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Why Are Educated and Risk-Loving Persons More Mobile across Regions?

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Author Info

  • Stefan Bauernschuster
  • Oliver Falck
  • Stephan Heblich
  • Jens Suedekum

Abstract

Why are better educated and more risk-friendly persons more mobile across regions? To answer this question, we use micro data on internal migrants from the German Socio-Economic Panel (SOEP) 2000-2006 and merge this information with a unique proxy for region-pair-specific cultural distances across German regions constructed from historical local dialect patterns. Our findings indicate that risk-loving and skilled people are more mobile over longer distances because they are more willing to cross cultural boundaries and move to regions that are culturally different from their homes. Other types of distance-related migration costs cannot explain the lower distance sensitivity of educated and risk-loving individuals.

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Bibliographic Info

Paper provided by DIW Berlin, The German Socio-Economic Panel (SOEP) in its series SOEPpapers on Multidisciplinary Panel Data Research with number 522.

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Length: 28 p.
Date of creation: 2012
Date of revision:
Handle: RePEc:diw:diwsop:diw_sp522

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Keywords: Migration; culture; distance; human capital; risk attitudes;

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References

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  1. Oliver Falck & Stephan Heblich & Alfred Lameli & Jens Südekum, 2010. "Dialects, cultural identity and economic exchange," Working Papers 2010/26, Institut d'Economia de Barcelona (IEB).
  2. Edward L. Glaeser & David C. Mare, 1994. "Cities and Skills," NBER Working Papers 4728, National Bureau of Economic Research, Inc.
  3. Luigi Guiso & Paola Sapienza & Luigi Zingales, 2007. "Cultural Biases in Economic Exchange?," Economics Working Papers, European University Institute ECO2007/42, European University Institute.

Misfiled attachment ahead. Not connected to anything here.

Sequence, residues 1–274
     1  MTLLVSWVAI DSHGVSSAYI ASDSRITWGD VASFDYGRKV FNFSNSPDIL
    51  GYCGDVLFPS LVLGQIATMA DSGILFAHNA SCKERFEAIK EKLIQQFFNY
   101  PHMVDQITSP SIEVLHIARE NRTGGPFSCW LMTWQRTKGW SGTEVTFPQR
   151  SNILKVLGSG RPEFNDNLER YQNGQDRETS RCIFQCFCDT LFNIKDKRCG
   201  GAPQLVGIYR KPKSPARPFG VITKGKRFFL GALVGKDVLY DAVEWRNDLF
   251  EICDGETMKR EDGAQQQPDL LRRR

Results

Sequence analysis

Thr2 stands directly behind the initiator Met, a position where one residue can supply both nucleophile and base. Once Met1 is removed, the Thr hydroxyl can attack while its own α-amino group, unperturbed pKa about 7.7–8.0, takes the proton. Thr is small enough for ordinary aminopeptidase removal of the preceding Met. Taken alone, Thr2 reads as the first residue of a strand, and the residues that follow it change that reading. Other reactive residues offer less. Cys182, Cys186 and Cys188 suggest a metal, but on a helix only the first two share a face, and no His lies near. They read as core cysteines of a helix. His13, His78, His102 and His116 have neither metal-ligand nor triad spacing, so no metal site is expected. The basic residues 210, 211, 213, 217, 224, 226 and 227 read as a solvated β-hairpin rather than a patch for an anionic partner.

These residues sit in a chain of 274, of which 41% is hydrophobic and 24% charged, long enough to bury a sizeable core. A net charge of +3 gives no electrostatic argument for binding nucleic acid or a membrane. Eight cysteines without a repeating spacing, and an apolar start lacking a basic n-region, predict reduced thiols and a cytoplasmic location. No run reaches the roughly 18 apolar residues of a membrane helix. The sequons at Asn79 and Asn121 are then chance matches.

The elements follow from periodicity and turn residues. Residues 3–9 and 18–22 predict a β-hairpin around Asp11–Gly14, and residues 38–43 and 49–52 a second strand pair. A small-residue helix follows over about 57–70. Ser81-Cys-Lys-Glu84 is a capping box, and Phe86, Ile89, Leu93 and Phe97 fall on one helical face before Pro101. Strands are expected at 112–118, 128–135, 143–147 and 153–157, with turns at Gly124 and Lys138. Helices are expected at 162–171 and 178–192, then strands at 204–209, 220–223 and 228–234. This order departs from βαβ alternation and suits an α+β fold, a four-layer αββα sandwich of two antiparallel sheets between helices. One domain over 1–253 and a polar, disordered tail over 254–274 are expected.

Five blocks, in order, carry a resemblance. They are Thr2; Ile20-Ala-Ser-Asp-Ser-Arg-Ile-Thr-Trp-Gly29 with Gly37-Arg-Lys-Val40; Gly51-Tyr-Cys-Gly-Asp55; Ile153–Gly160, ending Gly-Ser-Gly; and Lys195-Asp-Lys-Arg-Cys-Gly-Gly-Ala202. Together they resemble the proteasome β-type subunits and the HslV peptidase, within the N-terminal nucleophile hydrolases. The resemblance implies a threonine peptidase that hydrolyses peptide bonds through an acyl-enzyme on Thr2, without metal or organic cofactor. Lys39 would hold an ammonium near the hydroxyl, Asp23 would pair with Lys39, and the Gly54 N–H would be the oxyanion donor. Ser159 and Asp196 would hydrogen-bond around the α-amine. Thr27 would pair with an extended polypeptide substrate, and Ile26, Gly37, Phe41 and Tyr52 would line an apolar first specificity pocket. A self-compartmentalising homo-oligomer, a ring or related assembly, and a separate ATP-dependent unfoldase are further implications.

4. Stephen Machin & Kjell G. Salvanes & Panu Pelkonen, 2012. "Education And Mobility," Journal of the European Economic Association, European Economic Association, European Economic Association, vol. 10(2), pages 417-450, 04.
  5. Jaeger, David A. & Bonin, Holger & Dohmen, Thomas & Falk, Armin & Huffman, David B. & Sunde, Uwe, 2007. "Direct Evidence on Risk Attitudes and Migration," IZA Discussion Papers 2655, Institute for the Study of Labor (IZA).
  6. Raven Molloy & Christopher L. Smith & Abigail Wozniak, 2011. "Internal Migration in the United States," Journal of Economic Perspectives, American Economic Association, vol. 25(3), pages 173-96, Summer.
  7. Victor Ginsburgh & Shlomo Weber, 2011. "How many languages do we need? The economics of Linguistic Diversity," ULB Institutional Repository 2013/152424, ULB -- Universite Libre de Bruxelles.
  8. Mélitz, Jacques, 2002. "Language and Foreign Trade," CEPR Discussion Papers 3590, C.E.P.R. Discussion Papers.
  9. Jennifer Hunt, 2004. "Are Migrants More Skilled than Non-Migrants?: Repeat, Return and Same-Employer Migrants," Discussion Papers of DIW Berlin 422, DIW Berlin, German Institute for Economic Research.
  10. Felbermayr, Gabriel & Toubal, Farid, 2010. "Cultural proximity and trade," Munich Reprints in Economics, University of Munich, Department of Economics 20351, University of Munich, Department of Economics.
  11. Stelios Michalopoulos, 2012. "The Origins of Ethnolinguistic Diversity," American Economic Review, American Economic Association, vol. 102(4), pages 1508-39, June.
  12. Jeffrey Grogger, 2008. "Speech Patterns and Racial Wage Inequality," Working Papers 0813, Harris School of Public Policy Studies, University of Chicago.
  13. Gert G. Wagner & Joachim R. Frick & Jürgen Schupp, 2007. "The German Socio-Economic Panel Study (SOEP): Scope, Evolution and Enhancements," SOEPpapers on Multidisciplinary Panel Data Research 1, DIW Berlin, The German Socio-Economic Panel (SOEP).
  14. Schwartz, Aba, 1973. "Interpreting the Effect of Distance on Migration," Journal of Political Economy, University of Chicago Press, University of Chicago Press, vol. 81(5), pages 1153-69, Sept.-Oct.
  15. Gordon B. Dahl, 2002. "Mobility and the Return to Education: Testing a Roy Model with Multiple Markets," RCER Working Papers 488, University of Rochester - Center for Economic Research (RCER).
  16. Peri, Giovanni, 2002. "Young workers, learning, and agglomerations," Journal of Urban Economics, Elsevier, vol. 52(3), pages 582-607, November.
  17. Ofer Malamud & Abigail Wozniak, 2012. "The Impact of College on Migration: Evidence from the Vietnam Generation," Journal of Human Resources, University of Wisconsin Press, vol. 47(4), pages 913-950.
  18. repec:hal:journl:halshs-00641280 is not listed on IDEAS
  19. Guido Tabellini, 2008. "Presidential Address Institutions and Culture," Journal of the European Economic Association, MIT Press, MIT Press, vol. 6(2-3), pages 255-294, 04-05.
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Cited by:
  1. Stefan Bauernschuster & Oliver Falck, 2014. "Culture, Spatial Diffusion of Ideas and their Long-Lasting Imprints - Evidence from Froebel's Kindergarten Movement," CESifo Working Paper Series 4749, CESifo Group Munich.
  2. Nina Neubecker, 2013. "Low Occupational Prestige and Internal Migration in Germany," SOEPpapers on Multidisciplinary Panel Data Research 562, DIW Berlin, The German Socio-Economic Panel (SOEP).

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